Voice acting was at times almost good – although the voices never matched what you would expect the characters to have (Leon with a deep voice for e.g. – when he looks like a West Life reject)
At least it was not directed by the cinematic criminal Michael 'Pearl Harbour' Bay
Plot – Waffer thin (to be said in a Monty Python French accent) and very contrived, with no surprises or real suspense
Used the standard 'Where surrounded by flesh eating Zombies, so need to watch each others backs' suspense tool: "Let's split up!" – yeah, right you would do that in the real world!
G-Virus – Viruses, even synthetic ones still have to follow Darwinian laws (i.e. survival of the fittest), so for one of the mutation effects to be a 1 meter diameter eye ball where the crown of the shoulder should be, which as part of the movie was shown to be a venerable and weak point. I mean come on a meter wide soft spot – it should have had a big neon sign above it saying 'shoot here please' yet a whole squad of soldiers putting thousands of 5.56mm rounds and 40mm grenades down range managed to completely miss it whilst being giving a kicking. Did they attend The A Team school of rifle marksmanship as they could not hit a barn door from inside of the barn!
Lip Syncing – What can you say it was like watching a badly dubbed Sonny Chiba Kung Fu movie at times, with lips and mouth movements not being even close to what was being said – welcome back to the 1970's and imported Schlock Suey cinema!
The Kid – So annoying I would have gladly thrown her to the Zombies for a bit a piece and quiet, totally superfluous to the plot development of the piece in general.
Plot Hole – If the previous nuking of Racoon City (from the game) was needed to eradicate the T-Virus, why the hell did they send people into WilPharm when the government knew exactly what they had there? In the words of Ripley from Aliens (1986) "Why don't we just bug out and nuke the site from orbit, it's the only way to be sure!"
Animation – Considering that the movie is less than a year old (late 2008 release – straight to video!) the standard of animation was woeful, it is only on a par with Saturday morning fare such as the new adventures of Captain Scarlet and the very good but short lived Starship Troopers spin off CGI series. If you consider just how almost photo realistic that 2001's Final Fantasy: The Spirits Within (yet another game franchise movie – with a ridiculous plot) was, with detail even like the movement of hair being almost real, it makes RE:D look a very lazy effort indeed.
Summary: Whilst this movie is in no way as bad as the live action Resident Evil –Milla Jovovich (Well, hello, pretty lady!!!) money spinners – it does highlight that this type of movie is based on two very tired formats, ZOMBIES and VIDEO GAME tie ins. Whilst some zombie movies were original and seminal for their time, such movies as George A Romero's original zombie trilogy Night of the living Dead (1968), Dawn of the Dead (1978) and Day of the Dead (1985) or the surprisingly scary 1943 classis "I walked with a Zombie " for examples, this movie just seemed formulaic and bland.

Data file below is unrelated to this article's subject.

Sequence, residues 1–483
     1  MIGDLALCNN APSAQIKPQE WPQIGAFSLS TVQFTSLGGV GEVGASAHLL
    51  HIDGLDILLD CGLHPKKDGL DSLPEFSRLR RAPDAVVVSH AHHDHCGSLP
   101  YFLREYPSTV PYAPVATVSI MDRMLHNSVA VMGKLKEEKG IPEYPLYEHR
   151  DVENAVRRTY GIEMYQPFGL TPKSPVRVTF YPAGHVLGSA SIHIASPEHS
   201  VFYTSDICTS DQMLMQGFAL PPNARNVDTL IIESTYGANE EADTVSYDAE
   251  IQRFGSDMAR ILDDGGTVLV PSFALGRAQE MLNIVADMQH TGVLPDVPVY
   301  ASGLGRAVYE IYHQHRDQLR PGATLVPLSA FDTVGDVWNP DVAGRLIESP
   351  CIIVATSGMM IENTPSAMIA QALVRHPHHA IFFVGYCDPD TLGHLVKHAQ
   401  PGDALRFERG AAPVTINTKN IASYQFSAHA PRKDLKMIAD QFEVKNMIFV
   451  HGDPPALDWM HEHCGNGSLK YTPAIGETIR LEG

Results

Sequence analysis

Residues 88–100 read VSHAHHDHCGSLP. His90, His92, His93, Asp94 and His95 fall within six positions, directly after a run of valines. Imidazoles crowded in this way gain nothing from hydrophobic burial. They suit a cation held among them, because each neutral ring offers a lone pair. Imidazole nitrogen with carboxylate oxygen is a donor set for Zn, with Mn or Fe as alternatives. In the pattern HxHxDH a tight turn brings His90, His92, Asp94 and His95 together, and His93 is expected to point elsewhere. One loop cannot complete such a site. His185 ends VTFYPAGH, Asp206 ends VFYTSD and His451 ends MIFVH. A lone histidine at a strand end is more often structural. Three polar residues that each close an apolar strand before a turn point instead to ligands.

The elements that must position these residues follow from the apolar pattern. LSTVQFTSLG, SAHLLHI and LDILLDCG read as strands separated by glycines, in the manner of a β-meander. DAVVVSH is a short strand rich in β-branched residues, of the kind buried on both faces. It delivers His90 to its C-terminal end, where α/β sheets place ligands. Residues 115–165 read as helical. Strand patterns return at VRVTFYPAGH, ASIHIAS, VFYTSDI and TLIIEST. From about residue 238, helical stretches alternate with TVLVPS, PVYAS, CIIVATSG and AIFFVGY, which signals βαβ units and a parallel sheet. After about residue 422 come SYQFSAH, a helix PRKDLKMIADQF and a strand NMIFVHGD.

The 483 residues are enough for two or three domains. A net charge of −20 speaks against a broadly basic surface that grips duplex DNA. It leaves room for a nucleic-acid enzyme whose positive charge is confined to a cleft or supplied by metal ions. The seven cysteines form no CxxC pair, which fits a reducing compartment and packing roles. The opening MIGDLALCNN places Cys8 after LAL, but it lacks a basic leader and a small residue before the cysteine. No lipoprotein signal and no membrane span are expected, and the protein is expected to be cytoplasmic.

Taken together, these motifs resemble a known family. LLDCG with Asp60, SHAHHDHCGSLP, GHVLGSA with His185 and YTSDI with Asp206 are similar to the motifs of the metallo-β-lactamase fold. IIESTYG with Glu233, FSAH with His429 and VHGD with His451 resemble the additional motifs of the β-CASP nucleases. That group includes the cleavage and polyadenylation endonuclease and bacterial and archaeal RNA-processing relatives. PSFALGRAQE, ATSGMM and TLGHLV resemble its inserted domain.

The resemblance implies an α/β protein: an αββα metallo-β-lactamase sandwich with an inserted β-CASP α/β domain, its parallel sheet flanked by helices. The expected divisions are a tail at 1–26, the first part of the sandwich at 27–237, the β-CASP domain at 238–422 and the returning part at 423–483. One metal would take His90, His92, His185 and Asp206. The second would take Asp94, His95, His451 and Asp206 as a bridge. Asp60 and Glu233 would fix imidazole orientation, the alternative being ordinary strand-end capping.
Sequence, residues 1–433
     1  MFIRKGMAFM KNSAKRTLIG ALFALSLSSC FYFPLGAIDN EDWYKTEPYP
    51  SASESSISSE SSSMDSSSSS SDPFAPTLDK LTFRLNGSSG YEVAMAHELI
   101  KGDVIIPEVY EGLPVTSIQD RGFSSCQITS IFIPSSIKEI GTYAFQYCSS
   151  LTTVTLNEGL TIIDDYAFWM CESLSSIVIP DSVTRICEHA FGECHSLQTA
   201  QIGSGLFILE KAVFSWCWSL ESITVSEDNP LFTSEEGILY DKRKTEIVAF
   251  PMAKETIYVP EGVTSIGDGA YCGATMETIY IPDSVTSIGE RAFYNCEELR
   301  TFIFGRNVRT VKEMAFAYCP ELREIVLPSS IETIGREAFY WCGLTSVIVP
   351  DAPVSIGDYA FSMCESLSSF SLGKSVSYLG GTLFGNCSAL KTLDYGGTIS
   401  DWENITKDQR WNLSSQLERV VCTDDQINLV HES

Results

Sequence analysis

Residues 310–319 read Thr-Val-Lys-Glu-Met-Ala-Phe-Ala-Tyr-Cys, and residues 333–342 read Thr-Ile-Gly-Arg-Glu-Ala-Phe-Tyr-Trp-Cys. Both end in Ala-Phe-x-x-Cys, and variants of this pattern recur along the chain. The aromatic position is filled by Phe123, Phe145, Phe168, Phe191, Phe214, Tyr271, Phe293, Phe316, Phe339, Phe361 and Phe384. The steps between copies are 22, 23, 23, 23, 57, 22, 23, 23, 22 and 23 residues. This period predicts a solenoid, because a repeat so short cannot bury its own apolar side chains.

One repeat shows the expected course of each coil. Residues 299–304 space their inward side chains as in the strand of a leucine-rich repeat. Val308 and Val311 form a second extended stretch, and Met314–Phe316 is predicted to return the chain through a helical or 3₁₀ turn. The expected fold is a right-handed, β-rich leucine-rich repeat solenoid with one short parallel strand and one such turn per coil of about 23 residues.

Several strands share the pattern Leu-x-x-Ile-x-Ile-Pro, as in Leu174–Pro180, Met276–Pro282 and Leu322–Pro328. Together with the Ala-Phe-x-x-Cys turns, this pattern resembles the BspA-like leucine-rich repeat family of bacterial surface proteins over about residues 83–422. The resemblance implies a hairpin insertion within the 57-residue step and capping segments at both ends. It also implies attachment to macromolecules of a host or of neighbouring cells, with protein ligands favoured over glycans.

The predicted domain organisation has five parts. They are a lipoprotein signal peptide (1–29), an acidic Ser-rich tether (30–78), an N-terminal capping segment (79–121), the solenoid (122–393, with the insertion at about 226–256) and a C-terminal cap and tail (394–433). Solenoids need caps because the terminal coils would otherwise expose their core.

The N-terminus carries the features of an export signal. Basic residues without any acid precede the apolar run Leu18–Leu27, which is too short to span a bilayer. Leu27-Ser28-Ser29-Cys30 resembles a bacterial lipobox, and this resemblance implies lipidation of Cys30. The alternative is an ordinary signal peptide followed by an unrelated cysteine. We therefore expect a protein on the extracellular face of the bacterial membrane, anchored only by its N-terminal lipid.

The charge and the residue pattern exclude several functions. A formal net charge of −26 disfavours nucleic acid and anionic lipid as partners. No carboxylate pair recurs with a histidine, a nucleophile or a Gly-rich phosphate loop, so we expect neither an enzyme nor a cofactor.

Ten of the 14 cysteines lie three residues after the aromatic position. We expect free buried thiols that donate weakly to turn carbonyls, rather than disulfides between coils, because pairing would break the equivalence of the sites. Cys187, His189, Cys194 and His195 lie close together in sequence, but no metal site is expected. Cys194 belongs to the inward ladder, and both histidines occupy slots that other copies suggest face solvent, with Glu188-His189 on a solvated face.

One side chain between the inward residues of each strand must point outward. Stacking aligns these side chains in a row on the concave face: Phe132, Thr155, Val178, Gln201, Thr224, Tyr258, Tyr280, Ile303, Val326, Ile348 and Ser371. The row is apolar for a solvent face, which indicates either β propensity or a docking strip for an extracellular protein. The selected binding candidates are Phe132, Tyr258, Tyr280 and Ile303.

Sadly this seems to be the norm now with new movies simply being lightly re-hashed versions of things you have already seen a million times (this is especially true with the schock horror flicks like Texas Chainsaw etc). However from time to time the odd gem still turns up to give you faith in the genre. Films such as Return of the Living Dead (1985 - hilarious comedy value), Shaun of the Dead (2004 and again a comedy, which borrows more than a little from Return in it's script) and the James Gunn written 2004 re-make of Dawn of Dead (better for Gunn's sharp and witty scripting – which was further highlighted in his darkly comic and accomplished directorial debut 'Slither' in 2006), prove that the format can still work when done properly. Other Zombie/Virus classics that need a notable mention should include The Crazies (1973 and again a Romero flick), Danny Boyle's classic and innovative (1st film ever done completely on a hand held digi cam) Brit Flick - 28 Days Later (2002, kind of a mixture of classic zombies with a 'Day of the Triffids' twist) and the more recent 2008 films Quanrantine and Doomsday (Mad Max meets the Zombies!).
Foot note: Video game tie in movies have a history of being truly dreadful. Such movies that have disgraced the silver screen in the past range from Street Fighter (Kylie and Van Damme!), Super Mario Brothers (what was Bob Hoskins on?) and Mortal Kombat for e.g. where the vanguard of an influx of some truly dreadful games based cinema. Blood Rayne (with Kristina 'T3's TX' Loken) and the lamentable Alone in the Dark (Christian Slater paying his mortgage I fear, rather than caring about his craft) highlight that some stories simply do not have the inbuilt narrative to work well as a 1.5hr mainstream movie. Game to movies should be stopped before it get's even more ridiculous and the likes of 'Sensible Soccer: The Movie' are released to scar are brains and retinas with their cinematic filth!
Conclusion: If you want to watch a game based movie, stick DOOM in the DVD player, admittedly it's not Citizen Kane, but it's the best of a bad bunch.